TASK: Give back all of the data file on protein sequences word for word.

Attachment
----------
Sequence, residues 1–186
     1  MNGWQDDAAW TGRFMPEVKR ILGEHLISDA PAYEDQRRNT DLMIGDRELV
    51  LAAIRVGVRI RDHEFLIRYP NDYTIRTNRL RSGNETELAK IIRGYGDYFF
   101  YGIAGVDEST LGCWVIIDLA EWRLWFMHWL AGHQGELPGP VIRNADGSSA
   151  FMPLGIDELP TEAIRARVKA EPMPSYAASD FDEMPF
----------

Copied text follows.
Sequence, residues 1–186
     1  MNGWQDDAAW TGRFMPEVKR ILGEHLISDA PAYEDQRRNT DLMIGDRELV
    51  LAAIRVGVRI RDHEFLIRYP NDYTIRTNRL RSGNETELAK IIRGYGDYFF
   101  YGIAGVDEST LGCWVIIDLA EWRLWFMHWL AGHQGELPGP VIRNADGSSA
   151  FMPLGIDELP TEAIRARVKA EPMPSYAASD FDEMPF